Tracking whole colonies shows ants make career moves

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Because all the workers in an ant colony look the same, tracking their movements and interactions by eye is fiendishly difficult. Instead, Danielle Mersch and her colleagues tagged every single worker in entire colonies and used a computer to track them, accumulating what they say is the largest-ever data set on ant interactions.


The biologists, based at the University of Lausanne in Switzerland, have found that the workers fall into three social groups that perform different roles: nursing the queen and young; cleaning the colony; and foraging for food. The different groups move around different parts of the nest, and the insects tend to graduate from one group to another as they age, the researchers write in a paper published today in Science1.

“The paper is a game-changer, in the size and detail of the data set that was collected,” says Anna Dornhaus, an entomologist at the University of Arizona in Tucson. “Different methods of automatically tracking animal behaviour have recently been developed, and this is one of the first empirical studies that have come out as a result.”

The team reared six colonies of carpenter ants (Camponotus fellah) in the lab and tagged each worker with paper containing a unique barcode-like symbol. The colonies — each comprising more than 100 ants — lived in flat enclosures filmed by overhead cameras. A computer automatically recognized the tags and recorded each individual’s position twice per second (see video below). Over 41 days, the researchers collected more than 2.4 billion readings and documented 9.4 million interactions between the workers.

The researchers found that around 40% of the workers were nurses, which almost always stayed with the queen and her brood. Another 30% were foragers, which gathered most of the colony’s food and were found near the entrance to the nest. The rest were cleaners, and these were more likely to visit the colony’s rubbish heaps.

Written By: Ed Yong
continue to source article at nature.com

10 COMMENTS

  1. Very captivating (creatures) or should I say an evolved living organisms to avoid confusion.I’m sure I will be reading more about them as scientists shed more light on their social life and on their surviving .adequacy.

  2. Way wicked! Maybe because foraging is the most dangerous job of the three, older foragers maximises the possible useful life of an ant, thus saving resources?

    Got to give it to the researchers, tagging every ant in a colony? That takes enormous patients, to say the least.

    EDIT: Certainly studying other ant species will be very interesting indeed to see if this trend is universal. Also, I wondered if population size would affect the simulation, you never know with social animals…

  3. @OP – The biologists, based at the University of Lausanne in Switzerland, have found that the workers fall into three social groups that perform different roles: nursing the queen and young; cleaning the colony; and foraging for food. The different groups move around different parts of the nest, and the insects tend to graduate from one group to another as they age,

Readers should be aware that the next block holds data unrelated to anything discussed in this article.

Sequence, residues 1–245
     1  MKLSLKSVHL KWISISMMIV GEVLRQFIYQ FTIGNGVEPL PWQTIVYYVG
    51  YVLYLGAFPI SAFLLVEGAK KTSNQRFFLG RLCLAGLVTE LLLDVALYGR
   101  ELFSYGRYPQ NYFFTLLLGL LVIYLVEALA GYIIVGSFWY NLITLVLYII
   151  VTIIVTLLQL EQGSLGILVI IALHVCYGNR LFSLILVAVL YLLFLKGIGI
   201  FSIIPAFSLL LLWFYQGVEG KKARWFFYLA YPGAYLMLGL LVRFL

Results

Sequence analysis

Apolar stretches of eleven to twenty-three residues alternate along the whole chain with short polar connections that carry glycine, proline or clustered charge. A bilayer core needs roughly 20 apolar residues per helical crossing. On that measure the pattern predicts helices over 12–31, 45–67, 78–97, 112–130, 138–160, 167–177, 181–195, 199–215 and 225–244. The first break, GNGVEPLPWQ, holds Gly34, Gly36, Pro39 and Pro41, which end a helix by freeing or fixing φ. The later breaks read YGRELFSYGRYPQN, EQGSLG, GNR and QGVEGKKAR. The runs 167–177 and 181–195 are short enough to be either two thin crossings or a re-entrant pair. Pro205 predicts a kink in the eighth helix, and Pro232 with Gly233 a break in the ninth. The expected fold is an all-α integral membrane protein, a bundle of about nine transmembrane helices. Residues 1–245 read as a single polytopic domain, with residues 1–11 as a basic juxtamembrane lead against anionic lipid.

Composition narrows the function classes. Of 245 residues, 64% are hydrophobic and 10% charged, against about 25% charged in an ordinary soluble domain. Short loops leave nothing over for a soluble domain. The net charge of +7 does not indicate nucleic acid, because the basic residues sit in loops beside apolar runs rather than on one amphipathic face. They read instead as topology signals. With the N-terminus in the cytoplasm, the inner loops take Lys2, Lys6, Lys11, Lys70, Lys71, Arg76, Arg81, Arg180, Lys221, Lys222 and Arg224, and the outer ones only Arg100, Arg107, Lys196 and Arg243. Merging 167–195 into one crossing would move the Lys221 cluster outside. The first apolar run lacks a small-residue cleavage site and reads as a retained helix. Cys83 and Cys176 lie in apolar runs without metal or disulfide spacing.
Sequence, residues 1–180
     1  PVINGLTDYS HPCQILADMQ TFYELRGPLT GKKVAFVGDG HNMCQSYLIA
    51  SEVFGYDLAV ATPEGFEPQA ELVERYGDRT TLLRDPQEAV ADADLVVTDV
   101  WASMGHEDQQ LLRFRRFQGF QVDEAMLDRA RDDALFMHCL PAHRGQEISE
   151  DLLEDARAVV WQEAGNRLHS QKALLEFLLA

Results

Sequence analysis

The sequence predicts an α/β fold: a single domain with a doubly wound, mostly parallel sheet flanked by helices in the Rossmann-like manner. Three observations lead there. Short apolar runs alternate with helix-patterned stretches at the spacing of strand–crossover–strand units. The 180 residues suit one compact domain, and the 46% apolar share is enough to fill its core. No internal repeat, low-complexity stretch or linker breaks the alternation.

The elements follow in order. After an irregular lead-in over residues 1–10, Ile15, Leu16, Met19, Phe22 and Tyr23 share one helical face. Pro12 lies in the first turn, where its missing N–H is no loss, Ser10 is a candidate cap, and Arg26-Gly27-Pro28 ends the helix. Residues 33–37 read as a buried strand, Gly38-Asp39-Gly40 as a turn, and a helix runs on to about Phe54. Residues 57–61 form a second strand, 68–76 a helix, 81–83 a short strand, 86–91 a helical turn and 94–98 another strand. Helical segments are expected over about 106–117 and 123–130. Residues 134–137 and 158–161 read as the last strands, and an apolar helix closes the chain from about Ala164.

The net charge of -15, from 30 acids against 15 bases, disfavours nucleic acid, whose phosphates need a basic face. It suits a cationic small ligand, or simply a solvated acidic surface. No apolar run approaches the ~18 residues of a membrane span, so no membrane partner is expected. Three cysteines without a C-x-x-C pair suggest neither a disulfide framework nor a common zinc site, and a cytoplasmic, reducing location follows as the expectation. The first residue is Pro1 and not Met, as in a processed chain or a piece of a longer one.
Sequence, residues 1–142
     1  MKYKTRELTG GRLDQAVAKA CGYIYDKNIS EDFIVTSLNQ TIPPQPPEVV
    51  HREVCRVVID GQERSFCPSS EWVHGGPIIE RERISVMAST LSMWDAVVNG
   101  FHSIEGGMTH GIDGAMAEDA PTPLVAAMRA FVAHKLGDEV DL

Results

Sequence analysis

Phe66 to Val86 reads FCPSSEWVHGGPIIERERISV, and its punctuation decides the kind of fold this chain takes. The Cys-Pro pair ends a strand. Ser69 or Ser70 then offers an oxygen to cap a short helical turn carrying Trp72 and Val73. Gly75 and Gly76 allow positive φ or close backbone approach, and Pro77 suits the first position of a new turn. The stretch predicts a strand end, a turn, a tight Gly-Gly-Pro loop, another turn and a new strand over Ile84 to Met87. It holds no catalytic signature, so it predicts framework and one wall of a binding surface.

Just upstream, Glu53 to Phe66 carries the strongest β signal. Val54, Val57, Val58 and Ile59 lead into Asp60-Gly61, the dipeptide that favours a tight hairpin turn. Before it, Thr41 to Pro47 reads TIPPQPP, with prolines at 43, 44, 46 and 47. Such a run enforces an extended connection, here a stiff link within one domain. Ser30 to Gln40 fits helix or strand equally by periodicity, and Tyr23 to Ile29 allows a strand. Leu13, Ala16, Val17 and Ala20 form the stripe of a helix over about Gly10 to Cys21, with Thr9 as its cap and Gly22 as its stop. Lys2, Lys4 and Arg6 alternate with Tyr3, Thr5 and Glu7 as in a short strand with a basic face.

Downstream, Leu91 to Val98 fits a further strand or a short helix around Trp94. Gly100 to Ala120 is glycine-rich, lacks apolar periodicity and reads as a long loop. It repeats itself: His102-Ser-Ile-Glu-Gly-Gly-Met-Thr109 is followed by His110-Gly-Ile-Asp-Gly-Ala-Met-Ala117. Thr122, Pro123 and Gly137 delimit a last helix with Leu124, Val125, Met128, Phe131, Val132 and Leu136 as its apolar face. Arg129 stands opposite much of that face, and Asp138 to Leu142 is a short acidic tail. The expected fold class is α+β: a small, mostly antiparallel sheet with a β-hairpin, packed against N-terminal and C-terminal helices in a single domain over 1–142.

While looking at detail is adding to knowledge about ants, these specialisms have been well known in honey bees for a long time.

    http://en.wikipedia.org/wiki/Western-honey-bee

    For the first 10 days of their lives, the female worker bees clean the hive and feed the larvae. After this, they begin building comb cells. On days 16 through 20, a worker receives nectar and pollen from older workers and stores it. After the 20th day, a worker leaves the hive and spends the remainder of its life as a forager.

  4. All I know about ants is, that they aren’t stupid. A house in which I stayed for about a month once had an invasion of ‘flying’ ants in the kitchen. My friend’s mother’s response was to ‘bung’ some Ant Doom powder in the path of the ants’ invasion, which was along the rear of a work surface, and hope for the best. After about half an hour, we saw the ants retreating – in an orderly line – to the small hole through which they had entered the room, but this wasn’t the best bit.

    An ant was still going towards the poison – I saw, myself, clearly another ant turn around from near the hole and return to the endangered ant, and when it reached it , both turned back to the hole. It had ‘gone back for a friend’, frankly. That is complex and compassionate behaviour – of which even some humans would be proud.

    • In reply to #8 by TanyaK:

      All I know about ants is, that they aren’t stupid. A house in which I stayed for about a month once had an invasion of ‘flying’ ants in the kitchen. My friend’s mother’s response was to ‘bung’ some Ant Doom powder in the path of the ants’ invasion, which was along the rear of a work surface, and hop…

      Have you seen “A bug’s life” and “Antz”? I think you’d love them.

      • In reply to #9 by DHudson:

        In reply to #8 by TanyaK:

        All I know about ants is, that they aren’t stupid. A house in which I stayed for about a month once had an invasion of ‘flying’ ants in the kitchen. My friend’s mother’s response was to ‘bung’ some Ant Doom powder in the path of the ants’ invasion, which was along the rear…

        Quote from DHudson: ” Have you seen “A bug’s life” and “Antz”? I think you’d love them.”

        Thanks – I’ll check them out……. I just have, and the real ants seemed a little nicer.:D

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